Mikhail Blumenkrantz examines the politically levelling force of media intention and actuality, while two contributors look at specific areas within this larger concept: Marija Mitrovic explores the complex linguistic, political and literary boundaries of Serbian and Croat literatures, and Vladimir Papousek discusses the theoretical stances of Rene Wellek - for a certain generation the first incarnation of literary theory - towards Czech literature.
Matthias Schubnell chooses to examine what we might call the vertical dimension of globalisation - the relation with a quite literal, and by now seriously endangered, great globe itself. In so doing, he represents an ecocriticism that, often in partnership with new world views offered by writers from other cultures - in Schubnell's case, Native American,(9) in Jonathan Bate's, someone as apparently canonical as William Wordsworth(10) - voices with sustained and compassionate intelligence the need to protect and nurture the fragile fabric that we hold in custody for the future. My own piece moves in another direction - towards the changes in reading and understanding, and the nature of the text itself, that are brought about by electronic globalisation when it moves from being merely a transnational shopping conduit towards a new aesthetic entity in which process, not finite text, is the defining characteristic.
Taken together, all of these pieces represent a series of definitions of academic and personal standpoints. Do we, like the implied viewer of the Norsk Missionstidene image, stand outside, as decentered commentators? Do we, like Matthew Arnold's benighted Empedocles(11), collapse under the futility of engagement? And how, as academics, do we respond to the global possibilities of the so-called 'virtual university' that offers courses on-line? If the global production of these essays is to have any validity, that depends upon you - yes, you at the back there, hypocrite lecteur: put down your Coke can and listen. The publication of the essays as cybertext allows the opportunity of endless exchange, debate, argument. If the international debate made possible by the technology of this production is to be successful, it must be genuine and equal: otherwise, like those unscrupulous university directors who recruit from emerging nations merely to swell their coffers, we shall be rather like the occupants of the beautiful ship sailing into the exotic lands shown in Norsk Missionstidende. Except that, whereas they thought they were bringing redemption, we cannot pretend any longer that our motives are as pure: for globalisation read g£obalisation.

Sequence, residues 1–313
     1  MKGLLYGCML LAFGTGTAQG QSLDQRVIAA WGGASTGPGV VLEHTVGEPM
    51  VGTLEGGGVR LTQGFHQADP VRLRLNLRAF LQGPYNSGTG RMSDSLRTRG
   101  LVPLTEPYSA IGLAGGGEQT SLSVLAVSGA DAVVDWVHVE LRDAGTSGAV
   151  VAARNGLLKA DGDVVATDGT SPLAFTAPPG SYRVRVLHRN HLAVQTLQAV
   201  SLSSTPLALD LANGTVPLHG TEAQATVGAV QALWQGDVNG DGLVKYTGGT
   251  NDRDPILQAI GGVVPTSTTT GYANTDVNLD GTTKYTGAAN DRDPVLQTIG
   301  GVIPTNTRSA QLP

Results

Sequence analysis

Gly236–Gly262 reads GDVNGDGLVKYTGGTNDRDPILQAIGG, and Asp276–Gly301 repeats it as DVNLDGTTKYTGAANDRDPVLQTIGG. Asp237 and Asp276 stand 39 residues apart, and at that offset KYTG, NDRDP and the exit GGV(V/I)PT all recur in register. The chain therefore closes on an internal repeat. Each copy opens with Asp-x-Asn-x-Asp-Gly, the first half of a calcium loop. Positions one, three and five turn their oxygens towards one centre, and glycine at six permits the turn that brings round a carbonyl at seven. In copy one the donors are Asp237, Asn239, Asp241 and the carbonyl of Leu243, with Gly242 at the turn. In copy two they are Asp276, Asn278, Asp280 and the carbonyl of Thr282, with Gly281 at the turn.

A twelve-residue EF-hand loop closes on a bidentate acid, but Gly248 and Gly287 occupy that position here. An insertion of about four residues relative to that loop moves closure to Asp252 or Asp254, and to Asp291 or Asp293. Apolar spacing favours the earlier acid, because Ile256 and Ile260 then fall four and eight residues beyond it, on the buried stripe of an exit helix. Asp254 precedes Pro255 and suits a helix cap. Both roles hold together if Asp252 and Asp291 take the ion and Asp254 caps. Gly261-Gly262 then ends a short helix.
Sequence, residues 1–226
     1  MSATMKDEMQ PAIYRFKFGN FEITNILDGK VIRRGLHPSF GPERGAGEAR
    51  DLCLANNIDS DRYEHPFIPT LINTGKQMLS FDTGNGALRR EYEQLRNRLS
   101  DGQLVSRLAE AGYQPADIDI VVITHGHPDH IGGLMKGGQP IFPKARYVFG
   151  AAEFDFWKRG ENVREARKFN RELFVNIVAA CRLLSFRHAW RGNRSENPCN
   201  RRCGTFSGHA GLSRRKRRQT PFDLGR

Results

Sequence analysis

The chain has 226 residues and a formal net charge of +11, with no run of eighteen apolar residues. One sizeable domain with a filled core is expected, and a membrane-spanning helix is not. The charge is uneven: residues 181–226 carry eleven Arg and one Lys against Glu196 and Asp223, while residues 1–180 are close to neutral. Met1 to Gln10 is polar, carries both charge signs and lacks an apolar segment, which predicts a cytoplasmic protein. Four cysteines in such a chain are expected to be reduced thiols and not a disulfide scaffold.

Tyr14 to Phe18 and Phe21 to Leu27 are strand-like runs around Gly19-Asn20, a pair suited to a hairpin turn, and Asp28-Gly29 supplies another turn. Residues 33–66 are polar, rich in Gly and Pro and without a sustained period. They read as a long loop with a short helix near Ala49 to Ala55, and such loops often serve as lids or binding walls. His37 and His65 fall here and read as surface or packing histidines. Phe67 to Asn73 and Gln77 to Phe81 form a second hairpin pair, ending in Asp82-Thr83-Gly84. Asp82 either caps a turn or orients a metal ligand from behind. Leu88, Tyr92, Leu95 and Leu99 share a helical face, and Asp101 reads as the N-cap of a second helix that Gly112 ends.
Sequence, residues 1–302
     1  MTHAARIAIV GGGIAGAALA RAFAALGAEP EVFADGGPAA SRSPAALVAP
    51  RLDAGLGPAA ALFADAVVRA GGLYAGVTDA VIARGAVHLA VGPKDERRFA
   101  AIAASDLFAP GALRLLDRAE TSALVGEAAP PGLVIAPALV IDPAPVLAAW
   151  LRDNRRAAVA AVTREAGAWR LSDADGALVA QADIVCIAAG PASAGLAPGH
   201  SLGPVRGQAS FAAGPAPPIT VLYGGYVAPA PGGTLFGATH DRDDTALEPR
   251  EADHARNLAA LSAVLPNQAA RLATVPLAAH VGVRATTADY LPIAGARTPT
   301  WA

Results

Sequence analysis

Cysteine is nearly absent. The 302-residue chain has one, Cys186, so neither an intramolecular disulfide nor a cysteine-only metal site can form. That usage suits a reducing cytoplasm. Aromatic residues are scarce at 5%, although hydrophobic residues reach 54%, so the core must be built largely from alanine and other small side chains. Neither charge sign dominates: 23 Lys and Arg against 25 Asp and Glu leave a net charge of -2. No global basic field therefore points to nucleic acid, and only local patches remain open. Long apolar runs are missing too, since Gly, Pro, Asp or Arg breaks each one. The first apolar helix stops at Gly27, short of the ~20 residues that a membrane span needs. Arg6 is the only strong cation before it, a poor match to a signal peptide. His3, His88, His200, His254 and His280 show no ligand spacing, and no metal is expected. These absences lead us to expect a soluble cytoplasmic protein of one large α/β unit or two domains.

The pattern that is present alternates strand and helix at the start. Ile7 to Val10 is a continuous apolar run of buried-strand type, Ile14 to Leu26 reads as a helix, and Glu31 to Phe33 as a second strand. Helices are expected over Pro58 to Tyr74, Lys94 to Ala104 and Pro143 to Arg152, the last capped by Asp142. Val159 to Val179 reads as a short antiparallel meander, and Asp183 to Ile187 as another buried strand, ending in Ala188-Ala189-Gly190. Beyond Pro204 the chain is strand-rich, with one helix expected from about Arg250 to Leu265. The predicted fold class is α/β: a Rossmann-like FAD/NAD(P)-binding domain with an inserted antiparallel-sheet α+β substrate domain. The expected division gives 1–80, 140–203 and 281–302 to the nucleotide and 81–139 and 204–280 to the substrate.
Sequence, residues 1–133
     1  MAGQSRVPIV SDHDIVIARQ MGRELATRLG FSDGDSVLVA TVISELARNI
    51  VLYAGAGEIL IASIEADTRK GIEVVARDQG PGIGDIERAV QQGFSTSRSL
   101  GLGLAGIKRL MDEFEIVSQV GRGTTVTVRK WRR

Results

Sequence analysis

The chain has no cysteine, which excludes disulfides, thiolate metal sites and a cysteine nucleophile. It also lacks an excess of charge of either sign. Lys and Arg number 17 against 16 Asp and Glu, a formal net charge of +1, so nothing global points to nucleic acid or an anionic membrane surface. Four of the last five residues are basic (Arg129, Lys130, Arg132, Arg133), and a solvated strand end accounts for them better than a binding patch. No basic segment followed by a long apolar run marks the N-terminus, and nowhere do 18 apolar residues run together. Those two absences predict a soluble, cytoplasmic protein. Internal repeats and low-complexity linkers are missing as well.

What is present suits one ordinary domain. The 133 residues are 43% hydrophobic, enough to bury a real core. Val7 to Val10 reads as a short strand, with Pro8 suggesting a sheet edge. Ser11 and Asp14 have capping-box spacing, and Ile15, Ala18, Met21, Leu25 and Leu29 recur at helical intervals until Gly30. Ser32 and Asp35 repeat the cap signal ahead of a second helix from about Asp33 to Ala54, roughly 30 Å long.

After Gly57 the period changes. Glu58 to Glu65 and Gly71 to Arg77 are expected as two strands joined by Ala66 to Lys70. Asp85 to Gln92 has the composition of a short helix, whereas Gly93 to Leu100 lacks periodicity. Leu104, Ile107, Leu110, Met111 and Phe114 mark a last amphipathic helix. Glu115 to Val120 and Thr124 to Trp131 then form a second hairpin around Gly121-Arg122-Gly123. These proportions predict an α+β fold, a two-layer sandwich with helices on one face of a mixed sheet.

© Stuart Sillars (Bergen)
table of contents: No.9
(1) No 1, January 1904: front cover. Author's collection.
(2) 'Recessional', 1897.
(3) Spengler, Oswald. Der Untergang des Abendlandes: Umrisse einer Morphologie der Weltgeschichte. Munich: Beck, 1923. The first English translation was The Decline of the West: Form and Actuality, trans. Charles Atkinson. London: G. Allen and Unwin, 1926.19.
(4) Gadamer, Hans-Georg. Truth and Method. Translated by William Glen-Doepel, John Cumming and Garrett Barden. London: Sheed and Ward, 1975.
(5) Said, Edward. Orientalism: Western Conceptions of the Orient. New York: Pantheon Books, 1978.
(6) Abrams' article 'The Deconstructive Angel' (Critical Inquiry 3, 1977, 425-38) is the most cogent argument proposing the false logic implicit within deconstruction - if language is inherently unstable, and so cannot contain meaning, how may it be used to assert that language is unstable?
(7) For example, 'The Psammead', which appeared in serial form in The Strand Magazine in 1902 and as a book in 1906.
(8) The Tempest. Ed. Frank Kermode. The Arden Shakespeare. Methuen: London, 1954, rev 1962. Epilogue, 20.
(9) Schubnell, Matthias. N. Scott Momaday: the Cultural and Critical Background. Norman, OK and London: University of Oklahoma Press, 1987
(10) Bate, Jonathan. Romantic Ecology: Wordsworth and the Environmental Tradition. London: Routledge, 1991.
(11) In 'Empedocles on Etna'. First published 1852. Conveniently available in The Poetical Works of Matthew Arnold. Ed C. B. Tinker and H. F. Lowry. London: Oxford University Press, 1950, 406-443.